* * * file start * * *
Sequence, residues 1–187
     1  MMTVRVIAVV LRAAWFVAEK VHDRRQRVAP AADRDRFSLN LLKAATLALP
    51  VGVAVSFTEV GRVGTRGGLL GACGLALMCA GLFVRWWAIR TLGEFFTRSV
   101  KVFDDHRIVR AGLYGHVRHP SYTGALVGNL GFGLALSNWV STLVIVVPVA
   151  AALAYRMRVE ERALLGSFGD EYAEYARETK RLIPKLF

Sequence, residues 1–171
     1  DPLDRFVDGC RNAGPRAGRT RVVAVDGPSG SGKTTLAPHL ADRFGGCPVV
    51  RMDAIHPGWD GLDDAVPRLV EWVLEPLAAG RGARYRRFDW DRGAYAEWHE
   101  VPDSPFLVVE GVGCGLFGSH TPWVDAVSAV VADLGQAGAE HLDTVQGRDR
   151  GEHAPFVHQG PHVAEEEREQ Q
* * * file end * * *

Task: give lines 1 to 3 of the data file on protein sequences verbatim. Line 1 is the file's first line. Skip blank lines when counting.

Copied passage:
Sequence, residues 1–187
     1  MMTVRVIAVV LRAAWFVAEK VHDRRQRVAP AADRDRFSLN LLKAATLALP
    51  VGVAVSFTEV GRVGTRGGLL GACGLALMCA GLFVRWWAIR TLGEFFTRSV